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  1. It sold more for a lot more than I personally thought it was going to sell for, but maybe someone knows something I don't. It looks like it's WWII era, but you never can exactly pinpoint a date on these navy helmets without provenance, the only identification was "MAC" inked in the liner, and it had no last name. So, it would be extremely difficult to research. The only conclusion I could make for why it went so high, is the possibility that the helmet was used on D-Day, but I think that's rather unlikely. Either way, it's a really nice looking helmet, and I'm sure whoever got it will enjoy it.
  2. 517th helmets had chinstraps made from (what I believe) were musette bag straps, then they had a chincup sewn onto them.
  3. I believe this is the same command car, featured in an article of Hemmings. It states that it did not meet it's reserve in the previous auction, where it was bid up to $60,000. https://www.hemmings.com/stories/2017/05/08/could-this-dodge-wc57-command-car-have-been-pattons-own
  4. I believe this command car was auctioned awhile ago, and was lacking provenance. I'll edit this post if I find the link to the last time it was auctioned.
  5. Maybe it's just my mind, but the marking on the liner looks like it was once a square, and not a rectangle. I can't tell if it's tape residue, or just dirt/patina on the liner.
  6. Asked the seller some more questions, apparently they acquired it from a "Edward Kunzelman". I found one reference to Edward Kunzelman when searching serial numbers, however he was a private. I also find it odd that the seller lacks a return policy. The fact that the seller also has listed what they know as an ARVN helmet, but are unable to identify it to the 326 AEB is absurdity to me.
  7. Here's the proverbial "Is this Airborne helmet original?" thread. I thought I'd post this one, however as the seller has a lot of other military items - especially M1 Helmets. Seller claims that they got the helmet directly from a Captain who served in the 326 AEB as a gift. They also have a suspect looking ARVN lid. Here's a link to the helmet. https://www.ebay.com/itm/WWII-M-1-American-Army-Helmet/153844396254
  8. I remember when this came up for sale, it's a real beauty. If I recall right, as Etousa stated it used to belong to a dentist/doctor, who was a personal friend of the Admiral.
  9. Apologies if someone has posted this already, but here's a photo of GEN. Mark A. Milley wearing the new uniform. The uncrushed variant of the cap looks much better. It appears that he's wearing bullion general stars, at the very least the stars are made out of some type of fabric.
  10. I sincerely apologize if this is the wrong section to be posting this in, however I've been curious about this for quite awhile. I've noticed quite a few high ranking items with Naval Relief Fund Auction cards, and was wondering if there's any history behind these auctions such as when, and where they took place, etc. I've tried to find documentation on them for quite awhile, but have seem to hit a brick wall. If anyone has any information, I'd sincerely appreciate it.
  11. Here's a (very) low quality picture of the helmet at the Max Show, you can tell the helmet is way less glossy. The picture is on the "2019 Max Show Report" page of his website. It's to the left of the medic lid, and under the orange and green camo.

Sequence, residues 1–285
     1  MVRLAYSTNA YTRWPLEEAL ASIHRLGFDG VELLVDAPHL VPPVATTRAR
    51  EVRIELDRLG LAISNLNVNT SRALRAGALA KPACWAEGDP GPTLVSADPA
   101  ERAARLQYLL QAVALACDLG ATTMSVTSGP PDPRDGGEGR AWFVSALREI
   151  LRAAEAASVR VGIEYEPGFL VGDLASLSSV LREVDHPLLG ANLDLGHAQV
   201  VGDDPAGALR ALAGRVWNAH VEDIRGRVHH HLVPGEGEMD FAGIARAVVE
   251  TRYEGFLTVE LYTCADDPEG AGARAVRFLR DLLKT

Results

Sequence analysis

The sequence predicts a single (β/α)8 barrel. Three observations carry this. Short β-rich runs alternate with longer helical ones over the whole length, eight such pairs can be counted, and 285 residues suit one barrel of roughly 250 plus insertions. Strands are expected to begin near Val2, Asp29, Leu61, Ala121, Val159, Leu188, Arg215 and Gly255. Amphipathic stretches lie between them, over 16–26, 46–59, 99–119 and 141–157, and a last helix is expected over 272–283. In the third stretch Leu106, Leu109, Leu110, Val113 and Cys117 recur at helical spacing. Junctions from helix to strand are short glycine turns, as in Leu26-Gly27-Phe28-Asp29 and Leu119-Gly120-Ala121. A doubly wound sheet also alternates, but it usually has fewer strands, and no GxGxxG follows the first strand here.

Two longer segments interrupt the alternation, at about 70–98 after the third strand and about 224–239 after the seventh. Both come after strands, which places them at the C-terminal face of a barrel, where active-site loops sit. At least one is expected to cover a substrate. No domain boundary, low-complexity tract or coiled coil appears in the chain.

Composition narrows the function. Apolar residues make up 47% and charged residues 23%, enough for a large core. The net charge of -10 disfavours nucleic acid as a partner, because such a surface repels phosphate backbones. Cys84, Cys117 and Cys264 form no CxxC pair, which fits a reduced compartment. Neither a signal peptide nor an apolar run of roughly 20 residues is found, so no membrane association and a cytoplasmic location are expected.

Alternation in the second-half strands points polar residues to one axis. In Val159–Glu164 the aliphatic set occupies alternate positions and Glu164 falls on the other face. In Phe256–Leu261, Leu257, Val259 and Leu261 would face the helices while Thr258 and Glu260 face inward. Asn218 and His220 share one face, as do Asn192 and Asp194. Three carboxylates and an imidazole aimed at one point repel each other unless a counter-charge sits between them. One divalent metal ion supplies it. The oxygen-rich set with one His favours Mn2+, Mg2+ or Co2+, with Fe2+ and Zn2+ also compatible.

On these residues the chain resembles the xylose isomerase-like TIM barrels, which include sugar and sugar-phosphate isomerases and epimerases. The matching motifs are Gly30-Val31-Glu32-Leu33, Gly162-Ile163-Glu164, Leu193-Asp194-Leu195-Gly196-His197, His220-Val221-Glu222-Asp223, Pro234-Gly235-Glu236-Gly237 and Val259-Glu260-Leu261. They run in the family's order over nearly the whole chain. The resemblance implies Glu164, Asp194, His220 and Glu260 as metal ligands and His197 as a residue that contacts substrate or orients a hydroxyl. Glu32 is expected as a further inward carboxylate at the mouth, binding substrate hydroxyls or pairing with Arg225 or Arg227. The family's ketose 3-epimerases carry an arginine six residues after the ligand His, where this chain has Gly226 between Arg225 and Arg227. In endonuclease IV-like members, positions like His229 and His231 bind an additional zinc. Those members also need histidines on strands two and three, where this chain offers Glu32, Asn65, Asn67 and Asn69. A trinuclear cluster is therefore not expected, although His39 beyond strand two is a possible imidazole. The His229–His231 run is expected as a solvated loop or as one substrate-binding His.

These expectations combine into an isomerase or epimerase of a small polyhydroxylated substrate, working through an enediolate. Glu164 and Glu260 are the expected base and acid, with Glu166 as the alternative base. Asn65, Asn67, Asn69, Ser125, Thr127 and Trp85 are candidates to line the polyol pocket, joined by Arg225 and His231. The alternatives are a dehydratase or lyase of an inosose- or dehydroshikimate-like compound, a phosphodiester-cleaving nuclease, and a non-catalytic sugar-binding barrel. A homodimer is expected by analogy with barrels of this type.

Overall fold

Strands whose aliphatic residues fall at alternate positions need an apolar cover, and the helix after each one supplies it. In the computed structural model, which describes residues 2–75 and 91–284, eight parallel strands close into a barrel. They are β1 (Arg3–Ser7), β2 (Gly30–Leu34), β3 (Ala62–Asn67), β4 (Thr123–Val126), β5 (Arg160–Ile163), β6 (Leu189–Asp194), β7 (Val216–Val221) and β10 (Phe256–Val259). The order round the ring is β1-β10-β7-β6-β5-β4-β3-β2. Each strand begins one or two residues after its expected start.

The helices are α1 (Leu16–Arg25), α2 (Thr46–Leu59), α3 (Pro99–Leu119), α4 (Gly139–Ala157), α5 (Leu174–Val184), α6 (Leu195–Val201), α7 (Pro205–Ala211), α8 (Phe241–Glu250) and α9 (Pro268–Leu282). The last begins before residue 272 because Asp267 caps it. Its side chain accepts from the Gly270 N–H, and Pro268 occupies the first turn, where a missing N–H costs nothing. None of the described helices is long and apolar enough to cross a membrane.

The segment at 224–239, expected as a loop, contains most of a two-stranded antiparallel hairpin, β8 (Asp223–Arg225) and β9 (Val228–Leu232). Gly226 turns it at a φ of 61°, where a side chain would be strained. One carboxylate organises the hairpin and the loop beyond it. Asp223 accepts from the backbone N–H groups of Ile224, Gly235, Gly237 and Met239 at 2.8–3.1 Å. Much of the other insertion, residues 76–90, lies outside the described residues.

12. I don't know exactly why it wouldn't sell, however a lot of the stuff at the table was at least in my opinion, overpriced for what it was. He had a lot of other nice helmets, such as a 1st LT, 3rd I.D. Helmet, and a nice identified 82nd Airborne Glider CPT's. helmet. I didn't see a lot of stuff sell helmet wise in general at the show, but that may have just been what I saw.
  13. The helmet was at the Max Show, too. I didn't get any pictures, but I got to hold it. To me it looked perfectly fine. The paint definitely isn't that glossy from what I remember in person, and the wear on the olive drab paint, and the camo paint seemed to match up - at least I think. The liner chinstrap is obviously a replacement in my mind, as the wear didn't match the wear of the helmet from when I held it. Not to mention the black hardware. Bill Shea's photo setup probably doesn't help either, as he uses very, very bright lighting for taking photos, from what I've seen.
  14. I bought it in September, of 2018. I got it for a decent enough price that at the very minimum, I have a nice commemorative/decorative piece. It was my personal belief at the time, and I still believe it's a possibility however based on feedback it is highly unlikely. That it was a garrison helmet if that makes sense, upon re-inspection of the liner it's marked Micarta 1955, and the liner is painted in typical "garrison" style with a glossy olive drab. The paint seems rather smooth, much like paint of the era. The chin strap hardware is also 1960s, however as others have pointed out it appears the chin strap is a reproduction. My personal theory at the time, was it was worn in the 1950s-1960s, or 1970s by someone who was not deployed to Vietnam and was probably assigned to a desk job or something of the sort, based off of the large leadership stripe and very large 7th Infantry Insignia. It seems like it was common during the time period to paint very large leadership stripes. I'm sure a lot of people here have seen the photograph, but it shows off a lot of very interesting helmets, as well.
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